Frank Ochberg, MD, chairman emeritus of the Dart Center for Journalism and Trauma, served as expert witness for the prosecution in the trial of Ariel Castro for holding captive Amanda Berry, Gina DeJesus, and Michelle Knight for nearly a decade. In advance of the sentencing, Ochberg wrote prosecutors his assessment of the impact of Castro's acts on the three women, explaining the dynamics of victimization, trauma and endurance.
Resources for Children & Youth, Featured Articles
The daylong symposium: Sandy Hook and Beyond: Breaking News, Trauma and Aftermath took place on Monday at Columbia University. Regional and national journalists were joined by community leaders, mental health experts, policy advocates and Sandy Hook families and shared perspectives, discussed lessons learned and pointed the way towards responsible news coverage going forward.
A mass shooting at an elementary school in Newtown, Connecticut left 28 people dead, including 20 children. See the Dart Center's resources for journalists covering this tragedy.
In 2009, former news editor of the Sunday Times and the Observer Andrew Hogg spoke to journalism students at the City University in London about the treatment of torture victims. In the wake of the London High Court decision allowing three Kenyans to sue the UK government for torture they suffered during the 1950s and 60s Mau Mau revolution, we revive this illuminating speech.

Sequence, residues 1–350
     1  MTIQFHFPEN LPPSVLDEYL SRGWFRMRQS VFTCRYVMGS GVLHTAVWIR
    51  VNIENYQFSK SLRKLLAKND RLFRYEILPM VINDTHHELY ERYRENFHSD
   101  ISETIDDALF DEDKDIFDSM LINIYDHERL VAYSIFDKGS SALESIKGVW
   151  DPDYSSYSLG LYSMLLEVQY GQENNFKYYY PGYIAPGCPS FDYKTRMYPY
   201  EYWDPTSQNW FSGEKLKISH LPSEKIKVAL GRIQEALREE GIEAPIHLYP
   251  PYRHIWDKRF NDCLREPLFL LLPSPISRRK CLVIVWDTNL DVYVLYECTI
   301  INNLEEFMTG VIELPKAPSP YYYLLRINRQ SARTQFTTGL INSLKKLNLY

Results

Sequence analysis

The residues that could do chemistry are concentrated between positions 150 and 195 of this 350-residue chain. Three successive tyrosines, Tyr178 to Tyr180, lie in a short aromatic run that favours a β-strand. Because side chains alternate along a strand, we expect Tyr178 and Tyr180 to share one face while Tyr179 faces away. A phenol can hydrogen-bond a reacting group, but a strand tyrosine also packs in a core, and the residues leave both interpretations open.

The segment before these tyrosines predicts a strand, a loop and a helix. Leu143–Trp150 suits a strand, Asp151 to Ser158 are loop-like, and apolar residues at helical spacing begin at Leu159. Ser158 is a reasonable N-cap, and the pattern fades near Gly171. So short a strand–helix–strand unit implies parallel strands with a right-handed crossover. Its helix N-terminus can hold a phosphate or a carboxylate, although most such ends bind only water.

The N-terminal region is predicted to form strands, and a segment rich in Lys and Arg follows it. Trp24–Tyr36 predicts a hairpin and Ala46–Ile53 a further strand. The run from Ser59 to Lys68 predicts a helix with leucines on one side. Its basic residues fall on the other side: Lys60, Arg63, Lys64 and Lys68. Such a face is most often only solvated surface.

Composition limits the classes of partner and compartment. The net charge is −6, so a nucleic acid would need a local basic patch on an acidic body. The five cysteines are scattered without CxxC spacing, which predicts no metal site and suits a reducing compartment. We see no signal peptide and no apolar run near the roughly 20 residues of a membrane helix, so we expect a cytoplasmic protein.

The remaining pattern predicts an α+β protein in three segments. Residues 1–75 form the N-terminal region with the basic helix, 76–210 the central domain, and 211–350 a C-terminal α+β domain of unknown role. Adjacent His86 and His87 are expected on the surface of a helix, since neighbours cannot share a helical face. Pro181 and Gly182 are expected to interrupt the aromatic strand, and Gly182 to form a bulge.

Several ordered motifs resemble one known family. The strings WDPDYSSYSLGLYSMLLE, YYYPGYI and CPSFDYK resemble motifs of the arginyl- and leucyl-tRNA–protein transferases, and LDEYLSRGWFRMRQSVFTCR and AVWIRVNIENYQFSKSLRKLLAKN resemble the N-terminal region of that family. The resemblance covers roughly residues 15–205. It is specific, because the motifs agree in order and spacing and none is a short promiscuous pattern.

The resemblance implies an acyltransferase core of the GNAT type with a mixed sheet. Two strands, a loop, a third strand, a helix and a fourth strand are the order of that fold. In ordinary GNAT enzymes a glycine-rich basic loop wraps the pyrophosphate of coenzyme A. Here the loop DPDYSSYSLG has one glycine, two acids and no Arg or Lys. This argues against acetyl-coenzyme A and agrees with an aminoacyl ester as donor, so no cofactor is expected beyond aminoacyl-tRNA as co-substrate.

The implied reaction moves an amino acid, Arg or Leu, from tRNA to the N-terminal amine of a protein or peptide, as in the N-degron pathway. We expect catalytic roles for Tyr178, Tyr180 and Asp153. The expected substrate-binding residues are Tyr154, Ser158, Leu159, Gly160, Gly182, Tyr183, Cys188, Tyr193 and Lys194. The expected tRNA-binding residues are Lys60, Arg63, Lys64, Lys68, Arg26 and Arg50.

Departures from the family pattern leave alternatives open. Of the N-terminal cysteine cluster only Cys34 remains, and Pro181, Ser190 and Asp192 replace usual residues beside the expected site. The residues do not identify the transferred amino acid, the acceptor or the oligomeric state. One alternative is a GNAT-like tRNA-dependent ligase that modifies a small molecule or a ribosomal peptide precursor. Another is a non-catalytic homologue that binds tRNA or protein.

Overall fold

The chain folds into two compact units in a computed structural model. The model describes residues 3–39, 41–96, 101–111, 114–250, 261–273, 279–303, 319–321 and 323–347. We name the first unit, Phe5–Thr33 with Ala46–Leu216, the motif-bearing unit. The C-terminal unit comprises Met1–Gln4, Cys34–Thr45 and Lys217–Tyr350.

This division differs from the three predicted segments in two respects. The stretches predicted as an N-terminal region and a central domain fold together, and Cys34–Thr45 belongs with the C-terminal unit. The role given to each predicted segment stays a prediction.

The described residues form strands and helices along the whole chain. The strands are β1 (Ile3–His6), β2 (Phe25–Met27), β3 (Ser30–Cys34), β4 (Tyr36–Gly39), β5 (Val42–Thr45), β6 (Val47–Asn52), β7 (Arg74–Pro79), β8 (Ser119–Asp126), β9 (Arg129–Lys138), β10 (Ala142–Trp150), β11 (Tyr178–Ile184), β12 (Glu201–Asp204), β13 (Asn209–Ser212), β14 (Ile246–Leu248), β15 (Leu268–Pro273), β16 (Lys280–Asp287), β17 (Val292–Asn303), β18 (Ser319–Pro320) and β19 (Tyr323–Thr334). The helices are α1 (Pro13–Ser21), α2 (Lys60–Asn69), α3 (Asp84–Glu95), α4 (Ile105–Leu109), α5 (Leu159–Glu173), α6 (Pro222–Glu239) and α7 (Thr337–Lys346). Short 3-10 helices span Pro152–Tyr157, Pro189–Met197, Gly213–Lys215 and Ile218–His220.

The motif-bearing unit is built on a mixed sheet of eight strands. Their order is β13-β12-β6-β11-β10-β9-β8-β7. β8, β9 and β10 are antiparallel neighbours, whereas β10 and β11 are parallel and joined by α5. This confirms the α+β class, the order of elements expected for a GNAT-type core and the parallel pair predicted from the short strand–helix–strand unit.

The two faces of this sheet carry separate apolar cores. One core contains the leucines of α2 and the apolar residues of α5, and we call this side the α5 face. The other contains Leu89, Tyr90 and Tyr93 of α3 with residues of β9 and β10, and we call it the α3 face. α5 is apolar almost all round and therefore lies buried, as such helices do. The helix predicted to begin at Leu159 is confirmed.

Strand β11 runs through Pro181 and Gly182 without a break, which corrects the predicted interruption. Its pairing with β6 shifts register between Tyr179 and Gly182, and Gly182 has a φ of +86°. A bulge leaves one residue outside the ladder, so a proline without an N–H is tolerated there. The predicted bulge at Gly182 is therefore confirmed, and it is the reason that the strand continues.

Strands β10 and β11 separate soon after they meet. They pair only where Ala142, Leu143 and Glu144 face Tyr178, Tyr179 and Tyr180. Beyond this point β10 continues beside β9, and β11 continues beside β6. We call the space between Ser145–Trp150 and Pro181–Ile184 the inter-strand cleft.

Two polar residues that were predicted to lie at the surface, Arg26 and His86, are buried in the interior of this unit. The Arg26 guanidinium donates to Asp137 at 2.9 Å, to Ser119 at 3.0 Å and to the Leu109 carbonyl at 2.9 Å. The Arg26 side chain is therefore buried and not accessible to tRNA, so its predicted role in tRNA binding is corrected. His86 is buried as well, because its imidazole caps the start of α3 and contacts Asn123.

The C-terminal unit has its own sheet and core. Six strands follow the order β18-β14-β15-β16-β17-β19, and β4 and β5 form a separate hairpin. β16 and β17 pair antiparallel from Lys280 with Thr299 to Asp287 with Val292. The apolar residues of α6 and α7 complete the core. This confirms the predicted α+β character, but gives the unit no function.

This series, spurred by the suicide of a Massachusetts teenager, explores the phenomenon of bullying from every angle, including the experiences of victims and the adults and institutions charged with protecting them. Originally published in the Boston Globe throughout 2010.
Sacramento State Hornet student journalists were among the first to arrive at the scene where a California State University, Sacramento, student was beaten to death and his alleged assailant was shot by police. In this video produced by photojournalist Brian Feulner, four editors recall their actions and reactions in covering the tragic event.
This six-part series reveals a century of abuse at Florida's oldest reform school in a haunting narrative. Originally published by the St. Petersburg Times between April and December, 2009, it is a winner of the 2010 Dart Award for Excellence in Coverage of Trauma.